Ron Johnson Commemorates 9/11 With Trap Shooting, GOP Fundraiser

Sep 09, 2010

 Johnson Claims He is a Fisherman, But Records Show He Does Not Have a Fishing License, 

Follows Revelations He Tried to Mislead Voters About Taking $4 Million in Government-Subsidized Loans

MADISON — Republican Senate candidate Ron Johnson will remember the “single greatest assault on the freedom” of American citizens in generations — the terrorist attacks of Sept. 11, by shooting trap and attending a Republican Party of Wisconsin fund-raiser in Eau Claire.

The fund-raiser takes place in the Saturday morning at the EC Rod and Gun Club. Johnson was listed as confirmed at the event according to the Republican Party of Eau Claire County’s registration information for the event.

Though he says he’s not a hunter, Johnson previously claimed that he supported the Second Amendment because he is an outdoorsman and a fisherman. [Jerry Bader Show interview, 6/7/10] But the Wisconsin Department of Natural Resources reports that Johnson does not have a fishing license.

“Ron Johnson claims that he is a fisherman but doesn’t have a license, just like he claims government doesn’t create jobs, but he takes government-subsidized loans to build his business,” said Mike Tate, Chair of the Democratic Party of Wisconsin. “When he was exposed taking government-subsidized loans for his business, Ron Johnson has been lying about the central premise of his campaign. Apparently he’ll lie about almost anything.”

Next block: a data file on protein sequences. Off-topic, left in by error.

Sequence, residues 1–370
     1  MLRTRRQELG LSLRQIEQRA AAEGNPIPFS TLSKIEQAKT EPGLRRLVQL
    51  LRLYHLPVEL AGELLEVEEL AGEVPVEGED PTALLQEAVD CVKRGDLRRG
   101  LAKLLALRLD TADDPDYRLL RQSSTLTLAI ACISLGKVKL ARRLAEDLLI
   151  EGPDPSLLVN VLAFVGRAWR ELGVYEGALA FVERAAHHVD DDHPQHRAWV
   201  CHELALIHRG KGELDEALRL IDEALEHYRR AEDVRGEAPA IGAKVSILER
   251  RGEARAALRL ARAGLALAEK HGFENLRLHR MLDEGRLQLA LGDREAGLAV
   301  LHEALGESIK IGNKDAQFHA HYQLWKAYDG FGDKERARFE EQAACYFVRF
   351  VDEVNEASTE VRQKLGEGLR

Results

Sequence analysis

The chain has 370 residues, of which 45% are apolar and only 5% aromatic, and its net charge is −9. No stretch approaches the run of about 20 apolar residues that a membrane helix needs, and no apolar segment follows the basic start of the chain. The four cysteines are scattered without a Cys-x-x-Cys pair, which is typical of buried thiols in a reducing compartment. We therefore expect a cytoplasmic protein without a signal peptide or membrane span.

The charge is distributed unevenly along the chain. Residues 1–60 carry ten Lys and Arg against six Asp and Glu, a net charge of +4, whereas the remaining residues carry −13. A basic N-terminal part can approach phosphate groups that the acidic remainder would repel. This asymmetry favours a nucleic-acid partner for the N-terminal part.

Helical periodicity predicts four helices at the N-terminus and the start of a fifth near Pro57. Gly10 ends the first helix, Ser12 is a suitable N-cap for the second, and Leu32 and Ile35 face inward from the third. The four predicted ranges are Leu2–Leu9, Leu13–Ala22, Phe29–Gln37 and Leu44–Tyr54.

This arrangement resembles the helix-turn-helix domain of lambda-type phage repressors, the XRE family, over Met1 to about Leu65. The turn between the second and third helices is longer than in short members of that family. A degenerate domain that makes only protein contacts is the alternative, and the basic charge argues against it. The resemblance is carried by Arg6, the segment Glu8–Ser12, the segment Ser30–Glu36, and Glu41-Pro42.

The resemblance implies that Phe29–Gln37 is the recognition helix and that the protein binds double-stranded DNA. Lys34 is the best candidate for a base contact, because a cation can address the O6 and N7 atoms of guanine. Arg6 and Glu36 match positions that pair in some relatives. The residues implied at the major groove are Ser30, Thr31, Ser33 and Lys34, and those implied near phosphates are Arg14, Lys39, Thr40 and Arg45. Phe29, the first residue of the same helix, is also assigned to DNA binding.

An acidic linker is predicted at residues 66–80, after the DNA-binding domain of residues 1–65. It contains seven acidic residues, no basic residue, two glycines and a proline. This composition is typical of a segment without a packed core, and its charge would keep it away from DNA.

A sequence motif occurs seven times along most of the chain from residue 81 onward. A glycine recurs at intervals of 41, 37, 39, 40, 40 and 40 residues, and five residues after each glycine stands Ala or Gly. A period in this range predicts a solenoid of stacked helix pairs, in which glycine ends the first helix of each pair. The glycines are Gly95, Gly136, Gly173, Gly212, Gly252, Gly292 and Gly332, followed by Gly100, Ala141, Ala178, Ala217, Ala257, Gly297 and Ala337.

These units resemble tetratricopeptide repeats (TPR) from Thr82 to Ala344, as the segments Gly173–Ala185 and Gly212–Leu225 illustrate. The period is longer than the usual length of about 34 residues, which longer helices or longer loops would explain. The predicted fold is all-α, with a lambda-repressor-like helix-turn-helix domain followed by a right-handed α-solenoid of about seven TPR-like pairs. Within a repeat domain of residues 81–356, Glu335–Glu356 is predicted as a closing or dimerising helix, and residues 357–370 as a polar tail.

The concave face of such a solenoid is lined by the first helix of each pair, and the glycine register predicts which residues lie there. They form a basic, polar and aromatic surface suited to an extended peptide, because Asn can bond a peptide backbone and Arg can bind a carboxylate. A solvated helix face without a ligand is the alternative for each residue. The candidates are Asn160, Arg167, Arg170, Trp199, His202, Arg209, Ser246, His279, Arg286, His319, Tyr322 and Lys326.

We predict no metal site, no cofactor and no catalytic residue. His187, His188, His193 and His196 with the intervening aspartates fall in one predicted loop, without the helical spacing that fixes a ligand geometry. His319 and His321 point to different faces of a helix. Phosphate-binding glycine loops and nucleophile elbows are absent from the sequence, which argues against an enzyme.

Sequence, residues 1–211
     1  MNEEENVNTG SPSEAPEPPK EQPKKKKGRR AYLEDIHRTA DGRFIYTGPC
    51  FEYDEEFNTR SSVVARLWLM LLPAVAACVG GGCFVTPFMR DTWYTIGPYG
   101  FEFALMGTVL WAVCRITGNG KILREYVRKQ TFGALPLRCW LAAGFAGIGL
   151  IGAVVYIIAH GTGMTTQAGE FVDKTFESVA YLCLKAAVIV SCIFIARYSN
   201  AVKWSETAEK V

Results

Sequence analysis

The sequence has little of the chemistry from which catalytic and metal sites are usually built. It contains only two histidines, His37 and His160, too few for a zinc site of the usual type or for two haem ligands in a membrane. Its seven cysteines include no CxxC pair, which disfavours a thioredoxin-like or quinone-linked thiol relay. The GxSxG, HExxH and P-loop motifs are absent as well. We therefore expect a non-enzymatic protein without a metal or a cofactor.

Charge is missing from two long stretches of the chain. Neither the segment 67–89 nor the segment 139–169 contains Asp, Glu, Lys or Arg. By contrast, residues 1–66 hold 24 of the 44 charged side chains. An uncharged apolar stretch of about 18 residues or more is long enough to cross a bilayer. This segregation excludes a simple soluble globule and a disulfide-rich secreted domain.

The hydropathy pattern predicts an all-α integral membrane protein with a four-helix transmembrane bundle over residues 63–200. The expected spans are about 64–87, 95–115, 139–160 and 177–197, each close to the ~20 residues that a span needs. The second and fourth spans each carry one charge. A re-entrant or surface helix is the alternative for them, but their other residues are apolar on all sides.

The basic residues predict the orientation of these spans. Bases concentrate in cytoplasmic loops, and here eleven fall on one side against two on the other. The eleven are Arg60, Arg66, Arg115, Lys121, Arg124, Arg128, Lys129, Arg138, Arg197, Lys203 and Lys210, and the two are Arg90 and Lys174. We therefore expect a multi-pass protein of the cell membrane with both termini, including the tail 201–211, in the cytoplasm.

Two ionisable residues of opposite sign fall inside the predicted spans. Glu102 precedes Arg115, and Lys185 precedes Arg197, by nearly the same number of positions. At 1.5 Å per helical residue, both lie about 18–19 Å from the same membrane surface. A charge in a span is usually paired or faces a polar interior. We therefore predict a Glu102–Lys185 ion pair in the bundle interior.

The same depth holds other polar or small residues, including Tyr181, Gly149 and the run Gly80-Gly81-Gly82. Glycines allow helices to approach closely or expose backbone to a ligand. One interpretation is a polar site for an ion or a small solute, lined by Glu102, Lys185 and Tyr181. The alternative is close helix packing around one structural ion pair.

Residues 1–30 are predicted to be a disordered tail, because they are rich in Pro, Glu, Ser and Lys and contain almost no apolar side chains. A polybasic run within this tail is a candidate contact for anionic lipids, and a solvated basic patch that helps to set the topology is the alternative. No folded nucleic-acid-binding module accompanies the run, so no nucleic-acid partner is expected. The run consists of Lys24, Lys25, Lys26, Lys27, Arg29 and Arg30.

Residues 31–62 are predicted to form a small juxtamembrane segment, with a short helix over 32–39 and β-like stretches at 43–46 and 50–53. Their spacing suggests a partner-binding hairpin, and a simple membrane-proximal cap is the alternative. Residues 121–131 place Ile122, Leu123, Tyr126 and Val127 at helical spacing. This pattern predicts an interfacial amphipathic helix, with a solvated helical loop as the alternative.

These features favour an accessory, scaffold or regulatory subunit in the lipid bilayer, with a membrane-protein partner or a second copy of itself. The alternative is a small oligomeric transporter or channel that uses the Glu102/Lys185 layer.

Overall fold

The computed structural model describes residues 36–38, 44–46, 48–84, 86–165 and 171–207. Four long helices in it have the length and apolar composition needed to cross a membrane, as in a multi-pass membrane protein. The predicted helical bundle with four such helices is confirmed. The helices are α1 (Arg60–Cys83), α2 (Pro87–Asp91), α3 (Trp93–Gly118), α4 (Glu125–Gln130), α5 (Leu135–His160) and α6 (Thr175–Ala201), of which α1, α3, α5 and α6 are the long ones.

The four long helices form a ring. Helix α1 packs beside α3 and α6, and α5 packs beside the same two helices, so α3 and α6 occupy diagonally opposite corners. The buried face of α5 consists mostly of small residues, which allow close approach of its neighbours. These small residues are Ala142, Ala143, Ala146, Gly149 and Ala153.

Ron Johnson’s own Web sites says:

“Government doesn’t create jobs – the private sector creates jobs.” []

Johnson even told a TV station, “When you subsidize things, it doesn’t work through the free market system very well.” (WKOW, 8/20/10). 

News reports have revealed that Johnson has taken a federal government grant to start his business and $4 million in government-subsidized bonds after the GOP candidate said he had never taken any government assistance.  

Johnson has tried to claim that government grants and loans for his business do not constitute “government subsidies,” but as the Associated Press reported, Johnson’s loans we’re subsidized at below market rate.
An independent expert interviewed by the Associated Press concluded:

“Tax-free bonds allow a borrower to borrow at a lower rate,” said Andrew Reschovsky, a professor of applied economics at the University of Wisconsin-Madison. 

“That’s a subsidy from normal borrowing.” (Associated Press, 8/26/10)